What can be done? Despite the iron grip the military junta has on its people, there are reasons to hope. Even though the NLD reiterated its support for sanctions, younger Burmese activists, as well as increasing numbers of Western observers, are beginning to agitate more for the lifting of sanctions. As Mark Mackinnon points out in a recent article in Canada’s Globe and Mail, the West does business with China, despite its authoritarian regime and corrupt practices that are similar to Myanmar’s, much to the benefit of millions of Chinese people, who have been pulled out of poverty due to economic engagement with the West. Myanmar is also an increasingly more open society than, say, North Korea. While most Burmese do not have mobile phones because the SIM card alone costs $1000, almost all of the people I met had Facebook profiles and email accounts. Through these Internet portals, many people engage with foreign tourists they have met and keep up with international news. Though the generals have been very good at oppressing the people in most other ways, they seem to have underestimated the power of the global web revolution. As generals like 78-year old Than Shwe begin to pass away and the Burmese people engage more with the outside world, there is a chance for a transition to the stable and open democracy that its people have been hoping to see for decades.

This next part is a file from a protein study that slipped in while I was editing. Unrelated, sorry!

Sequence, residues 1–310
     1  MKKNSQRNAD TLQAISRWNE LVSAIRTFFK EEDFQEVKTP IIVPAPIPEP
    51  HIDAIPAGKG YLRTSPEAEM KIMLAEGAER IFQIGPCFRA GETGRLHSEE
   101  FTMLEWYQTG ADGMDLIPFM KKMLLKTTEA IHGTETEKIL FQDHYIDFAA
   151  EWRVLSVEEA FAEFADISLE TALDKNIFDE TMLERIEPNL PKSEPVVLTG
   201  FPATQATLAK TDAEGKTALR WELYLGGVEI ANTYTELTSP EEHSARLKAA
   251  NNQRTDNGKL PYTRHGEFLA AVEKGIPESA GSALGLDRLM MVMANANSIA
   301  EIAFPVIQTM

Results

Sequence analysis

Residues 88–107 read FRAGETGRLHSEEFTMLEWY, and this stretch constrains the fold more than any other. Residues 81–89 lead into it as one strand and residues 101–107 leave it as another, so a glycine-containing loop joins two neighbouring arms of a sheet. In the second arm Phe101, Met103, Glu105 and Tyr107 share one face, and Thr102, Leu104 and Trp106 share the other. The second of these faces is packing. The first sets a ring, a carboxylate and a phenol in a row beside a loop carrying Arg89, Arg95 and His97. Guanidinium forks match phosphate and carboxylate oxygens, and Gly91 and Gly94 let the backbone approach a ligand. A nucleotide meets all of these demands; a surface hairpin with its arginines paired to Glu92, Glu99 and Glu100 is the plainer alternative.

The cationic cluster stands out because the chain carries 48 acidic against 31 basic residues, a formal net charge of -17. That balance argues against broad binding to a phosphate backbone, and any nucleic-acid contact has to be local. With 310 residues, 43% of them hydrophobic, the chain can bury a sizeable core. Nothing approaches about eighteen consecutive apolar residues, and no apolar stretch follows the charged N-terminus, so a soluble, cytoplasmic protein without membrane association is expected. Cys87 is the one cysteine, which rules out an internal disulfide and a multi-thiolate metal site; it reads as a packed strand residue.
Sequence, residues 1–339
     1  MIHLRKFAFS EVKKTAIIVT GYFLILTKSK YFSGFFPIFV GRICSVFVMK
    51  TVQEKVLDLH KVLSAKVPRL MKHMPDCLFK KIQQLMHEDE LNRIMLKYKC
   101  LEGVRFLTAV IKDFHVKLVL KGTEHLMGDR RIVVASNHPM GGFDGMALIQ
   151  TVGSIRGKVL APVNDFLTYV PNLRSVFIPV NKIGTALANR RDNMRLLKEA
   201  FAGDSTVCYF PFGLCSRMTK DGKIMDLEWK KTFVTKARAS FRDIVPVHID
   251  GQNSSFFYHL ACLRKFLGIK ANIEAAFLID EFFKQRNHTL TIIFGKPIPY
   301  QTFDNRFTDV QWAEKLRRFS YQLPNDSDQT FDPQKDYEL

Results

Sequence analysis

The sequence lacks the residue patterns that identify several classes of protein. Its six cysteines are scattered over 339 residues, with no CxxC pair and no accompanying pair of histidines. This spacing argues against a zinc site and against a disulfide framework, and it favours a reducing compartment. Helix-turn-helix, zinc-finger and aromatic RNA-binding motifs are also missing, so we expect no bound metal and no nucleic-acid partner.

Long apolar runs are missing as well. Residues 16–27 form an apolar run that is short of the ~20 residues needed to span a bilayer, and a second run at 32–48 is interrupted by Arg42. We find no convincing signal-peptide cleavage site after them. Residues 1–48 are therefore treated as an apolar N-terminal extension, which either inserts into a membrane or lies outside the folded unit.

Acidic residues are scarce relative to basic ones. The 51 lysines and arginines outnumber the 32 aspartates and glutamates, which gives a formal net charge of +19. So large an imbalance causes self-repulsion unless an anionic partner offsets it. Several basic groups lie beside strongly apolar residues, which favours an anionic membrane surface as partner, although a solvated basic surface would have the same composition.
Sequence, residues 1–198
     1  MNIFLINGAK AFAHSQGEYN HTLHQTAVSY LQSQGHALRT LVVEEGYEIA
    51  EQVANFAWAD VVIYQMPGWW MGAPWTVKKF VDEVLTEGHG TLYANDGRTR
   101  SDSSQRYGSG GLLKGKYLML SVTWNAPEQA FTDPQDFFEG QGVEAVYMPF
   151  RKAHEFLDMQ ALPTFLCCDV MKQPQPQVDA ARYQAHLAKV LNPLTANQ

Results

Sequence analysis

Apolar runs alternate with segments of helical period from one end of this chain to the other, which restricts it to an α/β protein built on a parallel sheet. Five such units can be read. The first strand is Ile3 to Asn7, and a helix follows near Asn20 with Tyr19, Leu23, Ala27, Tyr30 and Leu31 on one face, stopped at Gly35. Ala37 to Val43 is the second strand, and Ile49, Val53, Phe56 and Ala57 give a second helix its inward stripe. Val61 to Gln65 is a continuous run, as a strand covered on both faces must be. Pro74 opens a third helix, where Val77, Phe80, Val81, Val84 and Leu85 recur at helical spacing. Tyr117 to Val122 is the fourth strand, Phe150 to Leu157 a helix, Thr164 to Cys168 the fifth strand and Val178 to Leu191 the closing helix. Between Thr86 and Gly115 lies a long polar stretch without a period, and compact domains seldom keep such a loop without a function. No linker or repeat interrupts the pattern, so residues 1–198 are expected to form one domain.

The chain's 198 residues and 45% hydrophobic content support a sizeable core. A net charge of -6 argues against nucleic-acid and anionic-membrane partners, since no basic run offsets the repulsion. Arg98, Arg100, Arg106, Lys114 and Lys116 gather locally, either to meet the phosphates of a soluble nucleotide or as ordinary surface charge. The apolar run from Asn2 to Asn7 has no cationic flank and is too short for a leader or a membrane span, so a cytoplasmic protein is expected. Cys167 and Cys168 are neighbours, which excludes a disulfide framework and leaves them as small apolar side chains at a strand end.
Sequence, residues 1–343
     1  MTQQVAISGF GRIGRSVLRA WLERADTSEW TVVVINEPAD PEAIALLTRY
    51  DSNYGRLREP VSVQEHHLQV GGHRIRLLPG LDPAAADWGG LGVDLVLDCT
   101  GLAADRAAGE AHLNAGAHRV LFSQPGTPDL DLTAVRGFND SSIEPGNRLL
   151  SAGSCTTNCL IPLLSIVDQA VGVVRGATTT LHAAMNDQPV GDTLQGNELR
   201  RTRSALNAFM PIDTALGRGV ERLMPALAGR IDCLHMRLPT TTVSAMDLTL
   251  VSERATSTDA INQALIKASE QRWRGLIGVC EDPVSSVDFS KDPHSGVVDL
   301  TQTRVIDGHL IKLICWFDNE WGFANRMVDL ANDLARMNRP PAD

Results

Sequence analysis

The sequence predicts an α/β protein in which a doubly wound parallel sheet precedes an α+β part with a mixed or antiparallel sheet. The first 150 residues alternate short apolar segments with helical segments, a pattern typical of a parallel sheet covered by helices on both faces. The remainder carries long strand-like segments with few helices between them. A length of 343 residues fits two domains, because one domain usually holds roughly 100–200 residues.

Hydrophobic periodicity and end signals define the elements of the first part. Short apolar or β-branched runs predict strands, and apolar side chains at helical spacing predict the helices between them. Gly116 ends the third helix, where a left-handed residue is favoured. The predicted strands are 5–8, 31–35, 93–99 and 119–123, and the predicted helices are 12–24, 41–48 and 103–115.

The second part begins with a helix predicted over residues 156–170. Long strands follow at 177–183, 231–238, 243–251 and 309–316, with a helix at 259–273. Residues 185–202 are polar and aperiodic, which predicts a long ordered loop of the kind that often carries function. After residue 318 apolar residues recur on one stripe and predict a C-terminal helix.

Amelia Salyers graduated cum laude from Princeton University with a degree in English literature. Having lived and traveled extensively in Europe and Asia, she has recently returned to the United States after two years spent working at a communications agency based in Bangkok, Thailand.